For the first time, a large-circulation general interest magazine in the U.S. has unequivocally stated that UFOs are real.

The May, 2001 issue of ?Popular Mechanics? contains the provocative lead story ?When UFOs Land,? which talks about the investigations by Peter Sturrock and others of physical evidence from UFO landing sites?evidence that has been suppressed and ignored by the media. Sturrock was on Dreamland last year to talk about his book ?The UFO Enigma: A New Review of the Physical Evidence.?

In 1997, Laurance Rockefeller, who has long been interested in UFOs and other scientific enigma, asked Peter Sturrock, the former director of the Center for Space Science and Astrophysics at Stanford University, to convene a meeting of a dozen top scientists to discuss UFO evidence. Researchers from places such as Princeton, MIT, Stanford and the Center for Space Research in France focused their attention on cases where physical traces were left behind. ?While their findings were not conclusive, Rockefeller said, ?I hope they will raise the level of the debate.?

?Ask most scientists what they think of the UFO enigma and you will almost certainly get a scoff and a brushoff like, ?There?s not one shred of evidence,?? says astronomer Bernard Haisch. ?That answer is simply not true. The problem is that this evidence does not follow our expected scientific logic, and so scientists dismiss what is, in fact, a huge number of accounts. Many sighting reports, as absurd as they sometimes appear, are probably real. Most professional scientists never bother to look at the evidence. Instead, the dogmatic dismissals by professional debunkers, which are often patently ridiculous, are simply taken at face value.?

Three of the cases are reviewed in the article. In one, a UFO exploded after hitting the water near a town in Brazil in 1957 and left behind metallic debris composed of an extremely high grade of magnesium. It is now suspected that the craft was a classified U.S. military plane that used magnesium as part of its fuel source. When the material was sent to the Air Force for analysis, it was ?accidentally? destroyed.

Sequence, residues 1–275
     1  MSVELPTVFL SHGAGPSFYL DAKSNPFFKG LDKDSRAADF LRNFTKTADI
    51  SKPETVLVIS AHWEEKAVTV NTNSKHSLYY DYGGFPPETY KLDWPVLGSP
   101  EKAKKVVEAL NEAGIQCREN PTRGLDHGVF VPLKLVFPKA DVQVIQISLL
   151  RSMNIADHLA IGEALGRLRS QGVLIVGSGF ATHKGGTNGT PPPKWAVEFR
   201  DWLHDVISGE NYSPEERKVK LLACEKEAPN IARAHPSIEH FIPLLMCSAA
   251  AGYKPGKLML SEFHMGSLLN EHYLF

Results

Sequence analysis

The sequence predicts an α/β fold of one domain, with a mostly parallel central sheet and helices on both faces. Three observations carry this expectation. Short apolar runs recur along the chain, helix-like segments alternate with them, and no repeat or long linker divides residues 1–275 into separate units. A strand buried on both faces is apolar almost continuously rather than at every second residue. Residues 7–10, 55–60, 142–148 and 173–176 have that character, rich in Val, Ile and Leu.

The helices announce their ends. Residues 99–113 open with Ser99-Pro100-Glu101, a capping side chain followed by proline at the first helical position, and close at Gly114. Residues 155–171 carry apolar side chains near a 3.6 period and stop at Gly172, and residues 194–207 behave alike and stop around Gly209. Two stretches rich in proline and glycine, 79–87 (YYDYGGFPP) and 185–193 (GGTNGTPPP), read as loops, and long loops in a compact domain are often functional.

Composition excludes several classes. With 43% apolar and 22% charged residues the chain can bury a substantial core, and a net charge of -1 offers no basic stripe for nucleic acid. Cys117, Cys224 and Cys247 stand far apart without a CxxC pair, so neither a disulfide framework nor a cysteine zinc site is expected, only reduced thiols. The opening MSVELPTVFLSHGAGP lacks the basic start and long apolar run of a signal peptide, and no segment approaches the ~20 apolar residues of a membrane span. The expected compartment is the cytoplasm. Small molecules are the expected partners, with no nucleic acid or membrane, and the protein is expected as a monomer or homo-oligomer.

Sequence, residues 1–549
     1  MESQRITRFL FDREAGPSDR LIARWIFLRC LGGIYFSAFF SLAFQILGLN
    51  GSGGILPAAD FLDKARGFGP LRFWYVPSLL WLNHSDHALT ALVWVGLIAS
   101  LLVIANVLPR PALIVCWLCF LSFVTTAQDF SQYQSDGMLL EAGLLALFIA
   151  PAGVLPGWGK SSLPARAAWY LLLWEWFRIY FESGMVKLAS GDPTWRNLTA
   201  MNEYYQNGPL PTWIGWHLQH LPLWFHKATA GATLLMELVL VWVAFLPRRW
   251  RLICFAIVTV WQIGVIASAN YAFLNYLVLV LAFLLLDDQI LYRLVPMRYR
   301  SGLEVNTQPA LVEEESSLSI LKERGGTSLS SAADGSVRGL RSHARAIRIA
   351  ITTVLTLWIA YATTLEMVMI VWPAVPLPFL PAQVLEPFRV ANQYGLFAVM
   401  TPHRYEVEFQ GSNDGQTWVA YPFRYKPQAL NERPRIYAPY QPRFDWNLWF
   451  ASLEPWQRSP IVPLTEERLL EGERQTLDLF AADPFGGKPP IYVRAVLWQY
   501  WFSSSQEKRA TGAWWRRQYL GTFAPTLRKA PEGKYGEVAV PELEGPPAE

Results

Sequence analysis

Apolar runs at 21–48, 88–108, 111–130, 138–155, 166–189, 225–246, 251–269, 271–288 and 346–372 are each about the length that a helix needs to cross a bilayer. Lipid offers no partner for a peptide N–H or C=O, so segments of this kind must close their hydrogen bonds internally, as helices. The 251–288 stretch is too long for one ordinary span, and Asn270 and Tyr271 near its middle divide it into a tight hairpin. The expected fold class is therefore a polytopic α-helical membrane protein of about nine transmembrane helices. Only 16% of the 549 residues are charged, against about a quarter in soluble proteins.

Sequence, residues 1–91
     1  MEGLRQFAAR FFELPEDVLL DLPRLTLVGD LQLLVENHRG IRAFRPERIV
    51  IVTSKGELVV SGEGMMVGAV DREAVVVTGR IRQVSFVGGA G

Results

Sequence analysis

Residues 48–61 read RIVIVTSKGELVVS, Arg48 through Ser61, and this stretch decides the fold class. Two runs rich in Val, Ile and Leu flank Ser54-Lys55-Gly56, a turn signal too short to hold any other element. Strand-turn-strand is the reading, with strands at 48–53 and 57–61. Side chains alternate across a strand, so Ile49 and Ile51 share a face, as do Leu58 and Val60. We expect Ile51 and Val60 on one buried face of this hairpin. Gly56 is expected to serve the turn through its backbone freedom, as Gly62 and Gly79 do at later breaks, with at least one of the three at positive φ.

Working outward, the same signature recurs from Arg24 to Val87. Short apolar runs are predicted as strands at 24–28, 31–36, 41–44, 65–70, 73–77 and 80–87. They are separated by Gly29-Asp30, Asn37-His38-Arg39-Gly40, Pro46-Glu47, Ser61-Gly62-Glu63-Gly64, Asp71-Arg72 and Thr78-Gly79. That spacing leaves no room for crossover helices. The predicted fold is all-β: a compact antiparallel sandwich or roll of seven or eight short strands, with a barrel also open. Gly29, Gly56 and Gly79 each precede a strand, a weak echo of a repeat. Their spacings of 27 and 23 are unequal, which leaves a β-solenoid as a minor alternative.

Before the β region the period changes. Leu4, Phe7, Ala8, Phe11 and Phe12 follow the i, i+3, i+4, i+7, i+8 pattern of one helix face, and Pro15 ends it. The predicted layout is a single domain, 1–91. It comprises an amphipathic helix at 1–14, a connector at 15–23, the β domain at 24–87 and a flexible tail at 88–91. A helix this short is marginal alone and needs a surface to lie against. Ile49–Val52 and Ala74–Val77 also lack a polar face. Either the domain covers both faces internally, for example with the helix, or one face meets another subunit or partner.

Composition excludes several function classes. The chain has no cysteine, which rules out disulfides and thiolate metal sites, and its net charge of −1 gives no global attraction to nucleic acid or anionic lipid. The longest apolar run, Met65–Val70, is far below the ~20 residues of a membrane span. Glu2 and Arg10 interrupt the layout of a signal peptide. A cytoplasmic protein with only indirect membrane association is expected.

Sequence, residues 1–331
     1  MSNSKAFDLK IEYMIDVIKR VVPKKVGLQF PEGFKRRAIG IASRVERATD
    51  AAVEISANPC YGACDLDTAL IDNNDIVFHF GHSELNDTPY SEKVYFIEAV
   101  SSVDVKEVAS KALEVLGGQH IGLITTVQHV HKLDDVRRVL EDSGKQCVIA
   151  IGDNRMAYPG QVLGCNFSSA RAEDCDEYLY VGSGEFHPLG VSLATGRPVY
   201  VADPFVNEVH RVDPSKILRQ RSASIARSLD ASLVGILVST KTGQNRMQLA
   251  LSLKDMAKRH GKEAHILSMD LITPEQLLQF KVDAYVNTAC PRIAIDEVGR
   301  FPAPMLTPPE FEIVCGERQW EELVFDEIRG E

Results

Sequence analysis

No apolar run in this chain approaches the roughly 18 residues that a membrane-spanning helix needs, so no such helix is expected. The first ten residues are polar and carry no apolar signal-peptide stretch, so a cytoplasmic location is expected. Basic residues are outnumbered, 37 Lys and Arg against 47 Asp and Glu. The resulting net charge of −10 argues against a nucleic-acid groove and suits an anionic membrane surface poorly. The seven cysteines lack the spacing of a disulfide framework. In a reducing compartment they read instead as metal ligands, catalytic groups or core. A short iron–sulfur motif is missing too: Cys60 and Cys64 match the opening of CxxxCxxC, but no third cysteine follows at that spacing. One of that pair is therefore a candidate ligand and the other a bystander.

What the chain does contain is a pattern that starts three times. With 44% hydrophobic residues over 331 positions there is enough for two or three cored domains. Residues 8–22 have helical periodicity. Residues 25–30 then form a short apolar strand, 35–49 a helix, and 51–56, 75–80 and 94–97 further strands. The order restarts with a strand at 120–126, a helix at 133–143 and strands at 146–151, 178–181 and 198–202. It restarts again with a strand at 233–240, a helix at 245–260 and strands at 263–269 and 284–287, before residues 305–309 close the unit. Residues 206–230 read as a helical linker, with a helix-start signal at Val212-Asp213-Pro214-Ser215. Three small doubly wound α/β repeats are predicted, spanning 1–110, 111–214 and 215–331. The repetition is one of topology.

The other 2 cases have no conventional explanation. One, which took place in 1992, concerns a UFO sighting by a Florida policeman that made his cruiser stop dead. ?The scientific panel was very impressed by cases in which electrical equipment was disrupted,? said Michael D. Swords of Western Michigan University.

In another case, which took place in Trans-En-Provence in France in 1981, a hovering UFO left circular marks behind on the ground. The French UFO organization GEPAN removed soil from the area and found it had been contaminated with traces of metal, while the surrounding vegetation was damaged.

In 1977, a UFO ejected 40 pounds of molten, red-orange metal onto the ground in Iowa. After the metal cooled, samples were collected by local astronomer Robert Allen, who sent them to Wright-Patterson Air Force Base in Ohio and to the Ames Laboratory at Iowa State University. Wright-Patterson would not publicize its findings, but stated that ?reentering spacecraft debris does not impact the earth?s surface in a molten state.? Ames Laboratory director Robert S. Hansen said it was not a meteor impact.

Former Lockheed scientist Bernard Haisch, who was on the Rockefeller panel, says, ?We need to be skeptical of both the believers and the scoffers.? He has created the website http://www.ufoskeptic.org to encourage mainstream scientists to reconsider UFO evidence. ?UFO sightings are not limited to farmers in backward rural areas,? he says. ?There are astronomers and pilots and NASA engineers who have witnessed events for which there is no plausible conventional explanation.?

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